Featured Research

from universities, journals, and other organizations

New immigrants to Canada less likely to have premature babies in the first five years

Date:
April 28, 2011
Source:
St. Michael's Hospital
Summary:
Immigrants living less than five years in Canada are less likely than their Canadian-born counterparts to have premature babies regardless of where they live, according to a new study.

Immigrants living less than five years in Canada are less likely than their Canadian-born counterparts to have premature babies regardless of where they live, according to a new study by St. Michael's Hospital.

"Living in poor neighbourhoods has been linked with poor health outcomes, but this study shows that this is not always the case for new Canadians," says Dr. Marcelo Urquia, epidemiologist at the Centre for Research on Inner City Health at St. Michael's Hospital. "For new immigrants, while they have an advantage on avoiding premature births in the early years, they progressively lose it and actually experience an accelerated deterioration when living in deprived urban areas. We need to take steps to make sure new Canadians can find upward socioeconomic mobility when they arrive."

Previous studies have shown that the longer immigrants stay in Ontario cities, the higher the risk of premature delivery. This study extends these findings and uncovers new data including:

  • Once immigrants have lived in Canada for 15 years or more, they have higher premature birth rates than Canadian-born residents living in the poorest neighbourhoods.
  • While the risk of premature delivery increases for most immigrants with time spent in Ontario cities, those who live in poor neighbourhoods experience the highest risk.

"For the first 15 years in Canada, the study found that the maternal country of birth was a better indicator of the risk of premature birth," says Dr. Urquia. "After that period, the pattern is reversed and immigrants reach the level of inequalities in premature birth observed at the neighbourhood level among Canadian-born residents."

Published in the Journal of Urban Health, the study reviewed birth data from Ontario hospital records from 2002-2007 and were linked to an official Canadian immigration database for 1985 to 2000.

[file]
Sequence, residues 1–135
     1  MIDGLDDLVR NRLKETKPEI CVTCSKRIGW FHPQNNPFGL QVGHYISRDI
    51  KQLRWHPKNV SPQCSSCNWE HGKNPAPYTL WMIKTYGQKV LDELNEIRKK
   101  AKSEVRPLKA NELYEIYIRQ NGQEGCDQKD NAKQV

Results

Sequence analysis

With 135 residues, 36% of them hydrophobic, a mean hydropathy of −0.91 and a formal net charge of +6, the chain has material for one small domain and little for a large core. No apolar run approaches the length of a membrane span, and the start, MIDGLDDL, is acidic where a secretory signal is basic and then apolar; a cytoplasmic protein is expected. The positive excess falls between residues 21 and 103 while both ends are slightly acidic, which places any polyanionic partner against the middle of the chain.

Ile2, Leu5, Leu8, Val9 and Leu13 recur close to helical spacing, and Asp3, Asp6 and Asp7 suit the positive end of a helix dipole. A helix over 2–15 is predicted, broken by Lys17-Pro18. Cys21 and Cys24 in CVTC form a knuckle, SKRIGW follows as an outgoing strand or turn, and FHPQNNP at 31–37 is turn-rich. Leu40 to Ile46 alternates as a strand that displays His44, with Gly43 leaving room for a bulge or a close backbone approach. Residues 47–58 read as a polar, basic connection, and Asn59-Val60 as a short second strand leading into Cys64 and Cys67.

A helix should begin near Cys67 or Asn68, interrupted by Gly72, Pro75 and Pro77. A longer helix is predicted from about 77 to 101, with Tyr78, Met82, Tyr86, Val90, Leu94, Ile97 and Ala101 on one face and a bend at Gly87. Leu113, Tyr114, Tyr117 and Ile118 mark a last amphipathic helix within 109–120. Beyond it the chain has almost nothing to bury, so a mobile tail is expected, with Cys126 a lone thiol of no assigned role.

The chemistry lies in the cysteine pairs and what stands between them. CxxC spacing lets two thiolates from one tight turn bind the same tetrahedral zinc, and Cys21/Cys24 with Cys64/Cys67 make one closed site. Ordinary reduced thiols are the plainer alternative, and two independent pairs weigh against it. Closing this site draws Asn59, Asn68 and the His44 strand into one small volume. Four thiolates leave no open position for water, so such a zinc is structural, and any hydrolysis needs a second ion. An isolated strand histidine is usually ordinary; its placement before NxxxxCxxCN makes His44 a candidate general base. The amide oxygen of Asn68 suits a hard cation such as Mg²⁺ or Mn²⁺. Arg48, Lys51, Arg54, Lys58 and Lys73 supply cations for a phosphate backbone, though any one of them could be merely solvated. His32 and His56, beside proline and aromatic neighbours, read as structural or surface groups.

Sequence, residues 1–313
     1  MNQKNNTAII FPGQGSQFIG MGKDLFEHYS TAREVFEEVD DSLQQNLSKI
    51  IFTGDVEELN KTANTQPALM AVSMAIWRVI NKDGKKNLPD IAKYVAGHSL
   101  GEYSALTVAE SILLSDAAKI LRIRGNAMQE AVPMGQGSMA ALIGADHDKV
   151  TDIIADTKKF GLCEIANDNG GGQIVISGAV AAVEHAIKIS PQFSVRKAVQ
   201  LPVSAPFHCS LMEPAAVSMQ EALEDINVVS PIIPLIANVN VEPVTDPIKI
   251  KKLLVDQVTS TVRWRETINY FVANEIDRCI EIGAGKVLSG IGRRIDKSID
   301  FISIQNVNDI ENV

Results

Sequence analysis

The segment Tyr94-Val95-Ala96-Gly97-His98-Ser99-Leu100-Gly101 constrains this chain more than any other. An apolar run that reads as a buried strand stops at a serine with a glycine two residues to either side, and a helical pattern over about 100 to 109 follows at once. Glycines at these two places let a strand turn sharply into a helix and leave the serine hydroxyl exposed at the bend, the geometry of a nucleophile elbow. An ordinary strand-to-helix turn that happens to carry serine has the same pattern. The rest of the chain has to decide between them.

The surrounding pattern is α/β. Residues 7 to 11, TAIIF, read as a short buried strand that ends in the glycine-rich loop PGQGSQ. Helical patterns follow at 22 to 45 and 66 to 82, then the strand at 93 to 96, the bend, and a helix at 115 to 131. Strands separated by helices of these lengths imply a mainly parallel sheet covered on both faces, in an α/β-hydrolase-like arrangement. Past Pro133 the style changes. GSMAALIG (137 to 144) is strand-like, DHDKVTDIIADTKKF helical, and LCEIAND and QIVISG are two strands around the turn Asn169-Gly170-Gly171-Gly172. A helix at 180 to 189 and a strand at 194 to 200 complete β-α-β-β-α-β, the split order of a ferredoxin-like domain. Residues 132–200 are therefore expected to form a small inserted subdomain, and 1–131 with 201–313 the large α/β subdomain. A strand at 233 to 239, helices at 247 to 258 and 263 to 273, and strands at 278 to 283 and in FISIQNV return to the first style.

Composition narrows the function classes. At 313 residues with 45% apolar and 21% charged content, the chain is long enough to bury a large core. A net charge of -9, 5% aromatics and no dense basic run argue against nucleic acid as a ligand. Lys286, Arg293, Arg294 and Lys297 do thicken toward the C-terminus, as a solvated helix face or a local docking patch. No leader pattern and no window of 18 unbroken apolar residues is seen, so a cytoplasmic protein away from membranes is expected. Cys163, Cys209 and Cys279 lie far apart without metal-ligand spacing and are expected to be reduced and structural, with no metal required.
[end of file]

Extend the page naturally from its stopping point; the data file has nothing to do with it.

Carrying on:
A premature birth involves a baby born that is less than 37 weeks of gestational age and is at much greater risk of short and long term complications including disabilities and impediments in growth and mental development.


Story Source:

The above story is based on materials provided by St. Michael's Hospital. Note: Materials may be edited for content and length.


Cite This Page:

St. Michael's Hospital. "New immigrants to Canada less likely to have premature babies in the first five years." ScienceDaily. ScienceDaily, 28 April 2011. <www.sciencedaily.com/releases/2011/04/110428112551.htm>.
St. Michael's Hospital. (2011, April 28). New immigrants to Canada less likely to have premature babies in the first five years. ScienceDaily. Retrieved July 31, 2014 from www.sciencedaily.com/releases/2011/04/110428112551.htm
St. Michael's Hospital. "New immigrants to Canada less likely to have premature babies in the first five years." ScienceDaily. www.sciencedaily.com/releases/2011/04/110428112551.htm (accessed July 31, 2014).

Share This




More Health & Medicine News

Thursday, July 31, 2014

Featured Research

from universities, journals, and other organizations


Featured Videos

from AP, Reuters, AFP, and other news services

Health Insurers' Profits Slide

Health Insurers' Profits Slide

Reuters - Business Video Online (July 30, 2014) Obamacare-related costs were said to be behind the profit plunge at Wellpoint and Humana, but Wellpoint sees the new exchanges boosting its earnings for the full year. Fred Katayama reports. Video provided by Reuters
Powered by NewsLook.com
Concern Grows Over Worsening Ebola Crisis

Concern Grows Over Worsening Ebola Crisis

AFP (July 30, 2014) Pan-African airline ASKY has suspended all flights to and from the capitals of Liberia and Sierra Leone amid the worsening Ebola health crisis, which has so far caused 672 deaths in Guinea, Liberia and Sierra Leone. Duration: 00:43 Video provided by AFP
Powered by NewsLook.com
At Least 20 Chikungunya Cases in New Jersey

At Least 20 Chikungunya Cases in New Jersey

AP (July 30, 2014) At least 20 New Jersey residents have tested positive for chikungunya, a mosquito-borne virus that has spread through the Caribbean. (July 30) Video provided by AP
Powered by NewsLook.com
Xtreme Eating: Your Daily Caloric Intake All On One Plate

Xtreme Eating: Your Daily Caloric Intake All On One Plate

Newsy (July 30, 2014) The Center for Science in the Public Interest released its 2014 list of single meals with whopping calorie counts. Video provided by Newsy
Powered by NewsLook.com

Search ScienceDaily

Number of stories in archives: 140,361

Find with keyword(s):
Enter a keyword or phrase to search ScienceDaily for related topics and research stories.

Save/Print:
Share:

Breaking News:
from the past week

In Other News

... from NewsDaily.com

Science News

Health News

    Environment News

    Technology News



    Save/Print:
    Share:

    Free Subscriptions


    Get the latest science news with ScienceDaily's free email newsletters, updated daily and weekly. Or view hourly updated newsfeeds in your RSS reader:

    Get Social & Mobile


    Keep up to date with the latest news from ScienceDaily via social networks and mobile apps:

    Have Feedback?


    Tell us what you think of ScienceDaily -- we welcome both positive and negative comments. Have any problems using the site? Questions?
    Mobile: iPhone Android Web
    Follow: Facebook Twitter Google+
    Subscribe: RSS Feeds Email Newsletters
    Latest Headlines Health & Medicine Mind & Brain Space & Time Matter & Energy Computers & Math Plants & Animals Earth & Climate Fossils & Ruins